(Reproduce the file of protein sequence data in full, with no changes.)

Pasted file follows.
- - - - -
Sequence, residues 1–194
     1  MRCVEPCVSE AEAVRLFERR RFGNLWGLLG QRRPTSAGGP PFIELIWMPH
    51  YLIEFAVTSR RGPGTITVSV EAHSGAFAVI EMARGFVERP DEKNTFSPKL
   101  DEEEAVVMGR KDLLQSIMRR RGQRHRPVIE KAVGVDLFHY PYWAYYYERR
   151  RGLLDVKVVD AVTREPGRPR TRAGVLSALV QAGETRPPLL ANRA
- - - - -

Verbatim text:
Sequence, residues 1–194
     1  MRCVEPCVSE AEAVRLFERR RFGNLWGLLG QRRPTSAGGP PFIELIWMPH
    51  YLIEFAVTSR RGPGTITVSV EAHSGAFAVI EMARGFVERP DEKNTFSPKL
   101  DEEEAVVMGR KDLLQSIMRR RGQRHRPVIE KAVGVDLFHY PYWAYYYERR
   151  RGLLDVKVVD AVTREPGRPR TRAGVLSALV QAGETRPPLL ANRA